The Gosling Girl – Book Review

Title:- The Gosling Girl

Author:- Jacqueline Roy

Date published:- January 20th 2022

Publisher:- Simon and Schuster

No. of pages:- 397 pages

Genre:- Psychological Thriller/Black American Fiction

Content Warning:- Child Murder, Abuse, Racism

Plot rating:- 4/5 stars

Writing rating:- 4.5/5 stars

Characters rating:- 4/5 stars


Monster?                    Murderer?
Child?                         Victim?
Michelle Cameron’s name is associated with the most abhorrent of crimes. A child who lured a younger child away from her parents and to her death, she is known as the black girl who murdered a little white girl; evil incarnate according to the media. As the book opens, she has done her time, and has been released as a young woman with a new identity to start her life again. 
When another shocking death occurs, Michelle is the first in the frame. Brought into the police station to answer questions around a suspicious death, it is only a matter of time until the press find out who she is now and where she lives and set about destroying her all over again.
Natalie Tyler is the officer brought in to investigate the murder. A black detective constable, she has been ostracised from her family and often feels she is in the wrong job. But when she meets Michelle, she feels a complicated need to protect her, whatever she might have done.
The Gosling Girl is a moving, powerful account of systemic, institutional and internalised racism, and of how the marginalised fight back. It delves into the psychological after-effects of a crime committed in childhood, exploring intersections between race and class as Michelle’s story is co-opted and controlled by those around her. Jacqueline writes with a cool restraint and The Gosling Girl is a raw and powerful novel that will stay with the reader long after they have turned the last page.

I listened to this as an audiobook. The story somewhat left some thoughts that greatly upset me.

In the story, we were first introduced to a character named Michelle Cameron, who was released from the prison. She was in prison for the murder of a four year old Carrie Gosling, which she committed when she was just ten years old. Now an adult, Michelle is living under the name Samantha and is friends with a girl named Lucy, whom she met while they were both in prison. Then Lucy was found murdered and Michelle was the prime suspect and her past came back haunting her.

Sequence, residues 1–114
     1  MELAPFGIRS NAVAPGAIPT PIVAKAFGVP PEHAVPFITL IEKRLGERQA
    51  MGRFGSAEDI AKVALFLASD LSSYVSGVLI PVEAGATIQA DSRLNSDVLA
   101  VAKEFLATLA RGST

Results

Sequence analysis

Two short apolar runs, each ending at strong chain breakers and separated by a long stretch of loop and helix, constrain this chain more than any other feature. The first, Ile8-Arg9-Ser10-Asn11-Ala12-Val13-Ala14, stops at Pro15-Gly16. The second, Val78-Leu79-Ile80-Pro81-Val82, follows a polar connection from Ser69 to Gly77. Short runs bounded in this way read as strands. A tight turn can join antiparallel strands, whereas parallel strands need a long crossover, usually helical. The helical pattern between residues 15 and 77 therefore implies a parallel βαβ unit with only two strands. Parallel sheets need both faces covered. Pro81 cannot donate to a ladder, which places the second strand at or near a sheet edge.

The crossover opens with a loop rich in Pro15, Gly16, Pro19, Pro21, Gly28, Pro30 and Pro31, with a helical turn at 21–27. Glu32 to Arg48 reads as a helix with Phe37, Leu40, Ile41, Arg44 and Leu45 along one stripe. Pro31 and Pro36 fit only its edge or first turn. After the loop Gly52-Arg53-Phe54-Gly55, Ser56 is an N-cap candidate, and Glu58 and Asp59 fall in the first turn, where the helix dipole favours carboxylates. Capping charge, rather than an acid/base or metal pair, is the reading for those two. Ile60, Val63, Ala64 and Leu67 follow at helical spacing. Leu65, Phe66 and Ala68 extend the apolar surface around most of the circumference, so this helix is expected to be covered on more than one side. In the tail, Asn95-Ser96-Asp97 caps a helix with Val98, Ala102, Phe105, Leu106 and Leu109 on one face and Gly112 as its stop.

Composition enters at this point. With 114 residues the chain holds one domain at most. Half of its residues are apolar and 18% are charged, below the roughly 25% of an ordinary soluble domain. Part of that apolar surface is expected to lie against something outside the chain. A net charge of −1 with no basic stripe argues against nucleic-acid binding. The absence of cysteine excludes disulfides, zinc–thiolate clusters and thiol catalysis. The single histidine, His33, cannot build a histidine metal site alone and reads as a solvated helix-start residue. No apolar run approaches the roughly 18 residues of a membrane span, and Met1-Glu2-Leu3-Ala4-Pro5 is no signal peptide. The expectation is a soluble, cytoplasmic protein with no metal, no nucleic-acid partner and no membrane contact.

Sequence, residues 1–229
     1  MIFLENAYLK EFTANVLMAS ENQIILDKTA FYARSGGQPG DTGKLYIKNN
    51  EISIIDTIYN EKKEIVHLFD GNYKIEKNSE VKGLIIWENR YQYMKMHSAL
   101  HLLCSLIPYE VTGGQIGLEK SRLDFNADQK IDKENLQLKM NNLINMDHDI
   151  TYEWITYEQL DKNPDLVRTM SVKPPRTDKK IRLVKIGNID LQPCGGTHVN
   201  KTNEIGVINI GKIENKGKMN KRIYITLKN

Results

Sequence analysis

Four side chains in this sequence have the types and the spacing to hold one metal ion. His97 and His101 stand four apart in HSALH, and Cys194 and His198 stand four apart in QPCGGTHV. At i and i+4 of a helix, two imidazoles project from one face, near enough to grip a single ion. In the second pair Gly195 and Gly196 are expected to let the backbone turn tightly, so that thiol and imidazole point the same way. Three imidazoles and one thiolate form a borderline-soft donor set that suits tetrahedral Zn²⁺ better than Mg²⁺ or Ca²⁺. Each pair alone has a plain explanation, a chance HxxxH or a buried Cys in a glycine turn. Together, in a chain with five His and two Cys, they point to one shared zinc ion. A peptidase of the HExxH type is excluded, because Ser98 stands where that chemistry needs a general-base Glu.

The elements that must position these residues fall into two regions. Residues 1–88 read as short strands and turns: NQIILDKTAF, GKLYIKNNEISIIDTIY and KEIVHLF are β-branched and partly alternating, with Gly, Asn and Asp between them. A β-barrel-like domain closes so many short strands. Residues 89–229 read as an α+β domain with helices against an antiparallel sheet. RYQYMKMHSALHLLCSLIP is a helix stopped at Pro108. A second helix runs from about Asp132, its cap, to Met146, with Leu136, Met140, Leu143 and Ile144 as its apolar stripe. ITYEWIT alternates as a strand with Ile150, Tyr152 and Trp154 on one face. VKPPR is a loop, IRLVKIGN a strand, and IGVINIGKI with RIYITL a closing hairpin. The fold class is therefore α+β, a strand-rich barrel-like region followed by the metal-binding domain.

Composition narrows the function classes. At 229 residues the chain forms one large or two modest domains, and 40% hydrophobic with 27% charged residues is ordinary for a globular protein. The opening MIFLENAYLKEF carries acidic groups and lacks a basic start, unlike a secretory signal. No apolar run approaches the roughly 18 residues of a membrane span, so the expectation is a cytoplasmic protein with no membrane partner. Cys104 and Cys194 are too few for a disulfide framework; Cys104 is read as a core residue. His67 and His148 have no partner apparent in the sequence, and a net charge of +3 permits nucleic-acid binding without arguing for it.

What I like about the book is how realistic this book. Though it’s a work of fiction, you can see the reality of the whole story. Michelle was half-white half Black and throughout her entire life, she will be known as the “black” girl who lured the “white” girl and murdered her. The story basically focuses on Michelle’s life after prison, and how she still had to live under the shadows. In this book, we question about racism in the society and how the society is able to quickly judge and pinpoint the blame on the minority instead of blaming on the majority “white” population. We also learn in the story through Michelle’s account that a “white” girl named Jessie was also present when Carrie was murdered and that she too had a role in the murder, though Jessie was never charged, which brings us question as to how fair the justice system actually works. In real life, this is really true as we see how many black or minority people were sent to prison and blamed easily for the crimes they would have or wouldn’t have committed.

Here along with Michelle we were introduced two more characters–Natalie Tyler a cop and a black cop who is assigned to be Michelle’s parole officer and Zoe, a white woman who wants to write a book about Michelle, hearing her side of the story. We see Natalie’s struggle as a black cop, adjusting to the justice system. Overtime, towards the end, we see some development of friendship between Michelle and Natalie. Zoe, in my opinion was a mistrusting character–though we see that she was adamant that she wanted to write Michelle’s side of the opinion, we wouldn’t know what her true intentions were.

As for Lucy’s murder, I am not sure if it was solved–I am not sure if I actually missed that part. We see how Michelle slowly try to adjust a normal life but every time someone gets to know her past, Michelle was forced to move from place to place. You could actually see all the emotional struggles Michelle was going through as she actually had no real or trustworty friends she could turn to, even after her boyfriend, Ryan betrayed her by telling about her past to one of his friends Amber.

The writing was spot on–excellent as the writer manages to take the reader into the story. All the character, particularly Michelle Cameron is a very complex character that despite the crime she committed, as a reader you actually feel sorry for her. Overall, if you like heartbreaking and emotional thrillers, The Gosling Girl might be for you. Overall, worth four stars.

Jacqueline Roy was born and raised in London. Her father was Jamaican and her mother was English. She lectured in English at Manchester Metropolitan University for many years, teaching Postcolonial Literatures and Creative Writing. She writes fiction for both adults and children.

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